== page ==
Modifying microbial fermentation conditions can improve probiotic survival
New techniques that identify and modify the fermentation conditions and genes that are involved in human gastrointestinal tract persistence may help to improve the survival of probiotics – so helping industry to select and develop probiotic strains and starter cultures with improved robustness end effectiveness, finds the new research carried out as part of the TI Food and Nutrition network.
Carried out by Hermien van Bokhorst-van de Veen of Wageningen University, and in conjunction with NIZO Food Research, the research looked for ways to identify and manipulate stress responses of probiotic bacteria that may modify digestive tract robustness and survival.
Speaking with NutraIngredients, van Bokhorst-van de Veen said her work has found that that small variations in growth conditions of bacteria such as Lactobacillus plantarum have a large effect on survival and the expression levels of certain genes.
The Dutch researcher created a new in vitro assay that mimics the action of the digestive tract in order to test the survival and robustness of probiotic strains in a quick and inexpensive way. She then used this assay to test how different strains reponses to stress during their fermentation affected survival in the digestive tract.
“The results showed a large variation in survival based on how the stress responses the strain had been put through,” explained van Bokhorst-van de Veen.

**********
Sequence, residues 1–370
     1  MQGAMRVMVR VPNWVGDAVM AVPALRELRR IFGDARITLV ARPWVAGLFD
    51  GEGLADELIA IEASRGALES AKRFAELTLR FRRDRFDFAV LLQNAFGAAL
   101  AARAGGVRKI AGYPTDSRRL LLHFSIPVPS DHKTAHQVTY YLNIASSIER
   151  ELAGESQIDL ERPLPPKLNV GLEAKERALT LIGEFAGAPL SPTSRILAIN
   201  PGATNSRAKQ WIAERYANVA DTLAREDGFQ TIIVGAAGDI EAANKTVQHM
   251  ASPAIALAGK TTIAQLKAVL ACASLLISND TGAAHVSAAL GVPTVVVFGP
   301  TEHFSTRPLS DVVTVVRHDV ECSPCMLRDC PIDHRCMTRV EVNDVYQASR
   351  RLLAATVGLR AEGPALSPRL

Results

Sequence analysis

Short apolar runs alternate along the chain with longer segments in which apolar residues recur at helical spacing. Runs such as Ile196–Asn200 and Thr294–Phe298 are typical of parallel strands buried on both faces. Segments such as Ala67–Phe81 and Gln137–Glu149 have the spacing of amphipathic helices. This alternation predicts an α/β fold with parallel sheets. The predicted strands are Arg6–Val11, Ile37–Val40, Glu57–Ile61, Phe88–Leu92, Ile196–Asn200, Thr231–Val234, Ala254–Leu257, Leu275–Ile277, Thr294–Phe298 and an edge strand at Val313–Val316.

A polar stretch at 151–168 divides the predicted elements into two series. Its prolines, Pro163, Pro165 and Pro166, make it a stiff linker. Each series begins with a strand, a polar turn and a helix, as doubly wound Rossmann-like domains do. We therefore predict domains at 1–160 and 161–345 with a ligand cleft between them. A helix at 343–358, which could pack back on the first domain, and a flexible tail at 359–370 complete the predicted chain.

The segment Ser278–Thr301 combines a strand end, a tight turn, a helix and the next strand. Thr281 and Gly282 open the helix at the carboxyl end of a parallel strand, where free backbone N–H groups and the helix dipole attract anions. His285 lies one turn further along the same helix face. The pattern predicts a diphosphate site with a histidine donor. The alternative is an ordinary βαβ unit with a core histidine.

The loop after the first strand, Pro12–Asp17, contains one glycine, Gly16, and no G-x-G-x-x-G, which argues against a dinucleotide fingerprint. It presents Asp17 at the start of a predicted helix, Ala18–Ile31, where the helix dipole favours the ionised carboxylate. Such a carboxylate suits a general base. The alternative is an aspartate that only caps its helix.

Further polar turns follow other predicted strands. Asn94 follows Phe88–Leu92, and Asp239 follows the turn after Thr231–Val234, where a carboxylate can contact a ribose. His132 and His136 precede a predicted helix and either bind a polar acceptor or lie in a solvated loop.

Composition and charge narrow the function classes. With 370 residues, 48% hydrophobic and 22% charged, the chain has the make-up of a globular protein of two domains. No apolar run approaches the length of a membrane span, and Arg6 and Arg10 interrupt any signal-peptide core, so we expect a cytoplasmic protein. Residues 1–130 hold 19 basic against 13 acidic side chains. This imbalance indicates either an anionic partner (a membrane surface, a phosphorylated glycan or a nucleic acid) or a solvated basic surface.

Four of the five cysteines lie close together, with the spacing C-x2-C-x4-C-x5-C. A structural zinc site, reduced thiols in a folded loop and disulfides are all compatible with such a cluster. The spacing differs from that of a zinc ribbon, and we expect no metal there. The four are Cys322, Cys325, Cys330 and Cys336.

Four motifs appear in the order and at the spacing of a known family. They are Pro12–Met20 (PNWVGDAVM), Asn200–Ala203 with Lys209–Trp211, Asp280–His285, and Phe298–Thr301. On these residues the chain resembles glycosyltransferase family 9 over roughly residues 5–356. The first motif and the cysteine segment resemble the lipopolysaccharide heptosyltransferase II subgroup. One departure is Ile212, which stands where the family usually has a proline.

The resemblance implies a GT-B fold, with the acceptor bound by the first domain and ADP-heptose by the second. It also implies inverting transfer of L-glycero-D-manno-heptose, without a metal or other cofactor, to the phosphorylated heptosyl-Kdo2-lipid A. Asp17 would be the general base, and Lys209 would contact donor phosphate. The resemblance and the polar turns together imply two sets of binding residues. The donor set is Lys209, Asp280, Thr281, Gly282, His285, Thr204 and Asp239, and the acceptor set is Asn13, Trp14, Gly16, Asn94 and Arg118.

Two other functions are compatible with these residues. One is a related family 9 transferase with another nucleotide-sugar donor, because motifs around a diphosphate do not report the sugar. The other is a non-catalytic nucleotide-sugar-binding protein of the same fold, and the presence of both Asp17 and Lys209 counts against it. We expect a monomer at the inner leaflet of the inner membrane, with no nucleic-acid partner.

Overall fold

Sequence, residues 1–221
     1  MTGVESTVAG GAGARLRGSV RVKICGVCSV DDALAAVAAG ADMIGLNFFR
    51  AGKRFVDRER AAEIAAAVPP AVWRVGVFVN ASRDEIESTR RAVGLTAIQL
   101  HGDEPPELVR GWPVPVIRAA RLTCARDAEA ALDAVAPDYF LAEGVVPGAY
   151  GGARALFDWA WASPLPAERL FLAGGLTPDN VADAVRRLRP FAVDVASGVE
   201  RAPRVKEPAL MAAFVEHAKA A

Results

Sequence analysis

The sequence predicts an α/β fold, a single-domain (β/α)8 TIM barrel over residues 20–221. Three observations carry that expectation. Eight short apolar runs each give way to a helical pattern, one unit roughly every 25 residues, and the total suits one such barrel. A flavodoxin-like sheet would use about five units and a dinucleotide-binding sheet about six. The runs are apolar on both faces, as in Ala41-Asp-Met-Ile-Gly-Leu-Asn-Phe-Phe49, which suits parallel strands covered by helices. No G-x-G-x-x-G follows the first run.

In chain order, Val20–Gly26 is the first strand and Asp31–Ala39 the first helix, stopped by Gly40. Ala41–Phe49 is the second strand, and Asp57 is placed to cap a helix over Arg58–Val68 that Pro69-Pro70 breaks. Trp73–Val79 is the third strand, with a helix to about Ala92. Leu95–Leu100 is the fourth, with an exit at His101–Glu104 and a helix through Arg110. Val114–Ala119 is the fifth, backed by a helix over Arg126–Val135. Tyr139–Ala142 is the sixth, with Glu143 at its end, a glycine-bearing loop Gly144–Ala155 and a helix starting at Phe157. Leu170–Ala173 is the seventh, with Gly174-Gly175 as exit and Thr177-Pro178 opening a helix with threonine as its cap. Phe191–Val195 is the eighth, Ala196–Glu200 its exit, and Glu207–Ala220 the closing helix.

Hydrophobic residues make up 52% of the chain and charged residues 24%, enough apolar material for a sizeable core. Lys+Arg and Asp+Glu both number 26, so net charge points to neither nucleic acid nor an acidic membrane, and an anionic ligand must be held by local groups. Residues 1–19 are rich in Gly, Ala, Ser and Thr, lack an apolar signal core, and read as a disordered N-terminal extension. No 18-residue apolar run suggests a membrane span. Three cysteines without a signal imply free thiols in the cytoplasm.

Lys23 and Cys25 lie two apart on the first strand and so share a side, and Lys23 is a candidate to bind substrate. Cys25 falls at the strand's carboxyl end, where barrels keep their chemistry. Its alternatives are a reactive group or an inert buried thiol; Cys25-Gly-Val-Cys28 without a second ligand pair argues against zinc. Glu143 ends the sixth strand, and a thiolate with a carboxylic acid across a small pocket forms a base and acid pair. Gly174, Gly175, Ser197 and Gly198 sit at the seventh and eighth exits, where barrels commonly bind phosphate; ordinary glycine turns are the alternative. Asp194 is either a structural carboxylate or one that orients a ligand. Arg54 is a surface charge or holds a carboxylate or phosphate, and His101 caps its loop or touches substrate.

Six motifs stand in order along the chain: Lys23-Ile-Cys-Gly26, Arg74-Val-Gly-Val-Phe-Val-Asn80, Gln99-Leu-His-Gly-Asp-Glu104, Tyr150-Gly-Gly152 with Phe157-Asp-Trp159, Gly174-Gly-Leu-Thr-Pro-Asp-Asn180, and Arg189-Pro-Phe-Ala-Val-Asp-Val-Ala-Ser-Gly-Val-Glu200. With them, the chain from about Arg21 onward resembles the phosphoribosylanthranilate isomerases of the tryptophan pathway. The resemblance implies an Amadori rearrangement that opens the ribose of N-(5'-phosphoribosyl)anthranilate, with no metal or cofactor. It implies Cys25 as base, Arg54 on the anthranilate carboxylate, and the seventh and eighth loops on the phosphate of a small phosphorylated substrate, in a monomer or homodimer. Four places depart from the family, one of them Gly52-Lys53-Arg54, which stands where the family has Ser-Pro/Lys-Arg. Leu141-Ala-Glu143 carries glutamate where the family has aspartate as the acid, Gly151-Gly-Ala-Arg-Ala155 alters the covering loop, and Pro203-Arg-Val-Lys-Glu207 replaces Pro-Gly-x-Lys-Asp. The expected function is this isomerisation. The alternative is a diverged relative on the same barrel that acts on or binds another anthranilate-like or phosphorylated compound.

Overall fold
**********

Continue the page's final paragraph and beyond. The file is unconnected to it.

She added that in view of the wide use of these bacteria in the food industry, the new findings will help industry to select and develop products with probiotics that are more robust to survival within the gut.
Further work carried out in humans by van Bokhorst-van de Veen and her colleagues followed the survival of 10 strains through the digestive tract finding that when one streain survived well, it did so in all people - something that van Bokhorst-van de Veen said is ‘quite remarkable’ given the differences between people and their microbiota make up.
“The findings in humans were also linked to the findings from the in vitro assay,” she said. “There was significant correlation between the in vitro results and the lab tests on people.”
“Since the persistence measured in the human volunteers could be correlated with the survival found in the in vitro model, we can use this fast and inexpensive model to predict actual gastrointestinal tract survival.
“In addition, combining strains reduces the amount of work and time needed for industry to test promising strains for food applications.”
Using the toolkit of assays and methods to ‘shock’ cultures in fermentation, the Dutch researcher suggests that industry can test and increase a number of traits in friendly bacteria.
“Industry could use the assay to test many different traits, and not just survival in the digestive tract,” she added.